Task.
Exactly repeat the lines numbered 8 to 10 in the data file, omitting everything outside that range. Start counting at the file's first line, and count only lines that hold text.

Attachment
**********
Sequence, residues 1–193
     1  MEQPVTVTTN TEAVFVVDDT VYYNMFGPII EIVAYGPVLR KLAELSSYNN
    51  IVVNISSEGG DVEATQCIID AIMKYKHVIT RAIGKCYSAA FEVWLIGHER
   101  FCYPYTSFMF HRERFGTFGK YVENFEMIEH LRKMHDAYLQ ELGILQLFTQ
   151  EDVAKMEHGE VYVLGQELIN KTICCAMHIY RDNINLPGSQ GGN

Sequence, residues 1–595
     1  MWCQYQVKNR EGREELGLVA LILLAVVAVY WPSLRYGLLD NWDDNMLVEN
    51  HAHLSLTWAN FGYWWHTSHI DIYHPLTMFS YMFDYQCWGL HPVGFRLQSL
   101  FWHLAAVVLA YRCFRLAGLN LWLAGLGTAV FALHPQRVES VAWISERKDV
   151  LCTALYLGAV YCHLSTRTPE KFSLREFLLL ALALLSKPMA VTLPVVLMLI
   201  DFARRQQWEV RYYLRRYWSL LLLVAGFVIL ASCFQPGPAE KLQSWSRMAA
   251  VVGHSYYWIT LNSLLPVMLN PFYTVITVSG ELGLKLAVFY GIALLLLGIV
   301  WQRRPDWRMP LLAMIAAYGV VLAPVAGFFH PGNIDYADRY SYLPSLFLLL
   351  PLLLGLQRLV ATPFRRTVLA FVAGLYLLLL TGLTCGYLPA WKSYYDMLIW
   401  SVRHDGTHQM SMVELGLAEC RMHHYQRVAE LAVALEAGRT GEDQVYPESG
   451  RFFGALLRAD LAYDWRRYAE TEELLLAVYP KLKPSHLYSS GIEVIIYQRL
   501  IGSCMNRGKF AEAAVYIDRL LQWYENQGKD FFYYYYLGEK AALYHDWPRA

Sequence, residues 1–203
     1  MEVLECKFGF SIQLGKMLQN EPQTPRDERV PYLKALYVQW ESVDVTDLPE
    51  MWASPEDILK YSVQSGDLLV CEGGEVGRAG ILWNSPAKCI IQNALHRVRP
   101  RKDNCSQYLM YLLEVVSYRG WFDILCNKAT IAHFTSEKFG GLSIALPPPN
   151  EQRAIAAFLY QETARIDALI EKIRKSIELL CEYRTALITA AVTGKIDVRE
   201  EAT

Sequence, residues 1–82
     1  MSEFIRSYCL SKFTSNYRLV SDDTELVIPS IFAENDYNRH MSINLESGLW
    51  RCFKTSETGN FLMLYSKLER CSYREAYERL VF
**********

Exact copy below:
    51  HAHLSLTWAN FGYWWHTSHI DIYHPLTMFS YMFDYQCWGL HPVGFRLQSL
   101  FWHLAAVVLA YRCFRLAGLN LWLAGLGTAV FALHPQRVES VAWISERKDV
   151  LCTALYLGAV YCHLSTRTPE KFSLREFLLL ALALLSKPMA VTLPVVLMLI